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Snack food

When this site started it focused on the fossil shark teeth of South Carolina. The area has a reputation for producing abundant meglodon teeth. And justly so! There has been a lot of research and speculation as to why. Using the modern Great White sharks as a model there's one thing for sure. There had to be a lot of food! To feed a 40 foot shark you need large prey. The obvious target of choice would be whales. Lots of meat and energy producing blubber. But another common food source were the ancient sireniens. The ancestors to today's dugongs and manatees. South Carolina has a great fossil record of sireniens from the Late Eocene to present. Their fossil ribs are a common find in the rivers. Mixed in with the shark teeth. Most of the time their remains are worn and it's rare to find traces of shark attacks. I've collected numerous articulated specimens and have found that almost all have some signs of shark feeding. Most teeth marks are from small sharks and probably represent feeding after the carcass came to rest on the ocean floor. Some have large teeth marks that could represent the original attack. Since the emphasis here is still on shark teeth I've added a few pictures of a shark attack. This partial skeleton is from the Ashley Formation. It's an Early Oligocene species. Only a few pieces of the skull remained. Too little to tell what species it was.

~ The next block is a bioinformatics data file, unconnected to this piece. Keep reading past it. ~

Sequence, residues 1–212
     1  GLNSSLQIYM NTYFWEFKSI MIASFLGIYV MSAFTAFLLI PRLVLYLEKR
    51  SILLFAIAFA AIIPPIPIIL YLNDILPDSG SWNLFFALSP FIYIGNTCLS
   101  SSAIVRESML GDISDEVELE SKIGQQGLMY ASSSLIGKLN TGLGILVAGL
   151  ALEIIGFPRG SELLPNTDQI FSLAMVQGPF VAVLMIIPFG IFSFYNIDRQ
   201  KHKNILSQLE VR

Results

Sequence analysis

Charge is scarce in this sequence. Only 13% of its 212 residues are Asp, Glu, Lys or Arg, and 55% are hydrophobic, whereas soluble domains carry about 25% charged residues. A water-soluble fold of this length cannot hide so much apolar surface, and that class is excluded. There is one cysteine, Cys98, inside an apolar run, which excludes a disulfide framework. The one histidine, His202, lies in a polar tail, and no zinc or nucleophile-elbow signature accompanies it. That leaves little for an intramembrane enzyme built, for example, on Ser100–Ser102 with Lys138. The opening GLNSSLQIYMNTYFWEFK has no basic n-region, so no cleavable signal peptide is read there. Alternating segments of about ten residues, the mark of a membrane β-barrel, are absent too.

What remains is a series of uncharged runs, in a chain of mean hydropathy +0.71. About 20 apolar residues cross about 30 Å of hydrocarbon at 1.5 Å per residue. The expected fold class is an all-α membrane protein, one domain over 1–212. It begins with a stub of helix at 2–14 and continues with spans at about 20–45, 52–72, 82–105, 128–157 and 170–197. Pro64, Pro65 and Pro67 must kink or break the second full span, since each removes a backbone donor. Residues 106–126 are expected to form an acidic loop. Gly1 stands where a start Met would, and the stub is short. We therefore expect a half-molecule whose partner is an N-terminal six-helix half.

Location Berkeley County, South Carolina, USA

ID706
Memberpaleobum
Date Added11/2/2006

Here are some articulated vertebra. A grown meglodon would have had no problem eating a dugong whole. If a smaller shark attacked it would take a bite off and wait for the dugong to bleed to death. Sharks would then tear off the limbs and head. The bulk of the body would then sink to the bottom where smaller sharks, fish, and crabs would remove the remaining flesh. That's why most of the articulated remains found consist of vertebrates and ribs only.
Articulated ribs from the same specimen.
Shark teeth marks on the bottom of one of the ribs.
More teeth marks on a rib.
  

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